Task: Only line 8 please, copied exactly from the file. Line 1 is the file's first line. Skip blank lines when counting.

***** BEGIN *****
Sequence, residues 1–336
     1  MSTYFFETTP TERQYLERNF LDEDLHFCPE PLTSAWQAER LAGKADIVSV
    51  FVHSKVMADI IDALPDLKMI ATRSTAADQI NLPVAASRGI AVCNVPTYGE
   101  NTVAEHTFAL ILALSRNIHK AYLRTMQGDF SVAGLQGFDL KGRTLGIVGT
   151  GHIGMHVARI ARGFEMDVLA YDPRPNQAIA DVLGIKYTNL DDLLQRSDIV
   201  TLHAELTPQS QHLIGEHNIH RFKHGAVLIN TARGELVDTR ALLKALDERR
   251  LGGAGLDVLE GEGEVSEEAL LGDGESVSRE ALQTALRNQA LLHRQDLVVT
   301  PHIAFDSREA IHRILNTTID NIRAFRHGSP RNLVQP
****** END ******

   301  PHIAFDSREA IHRILNTTID NIRAFRHGSP RNLVQP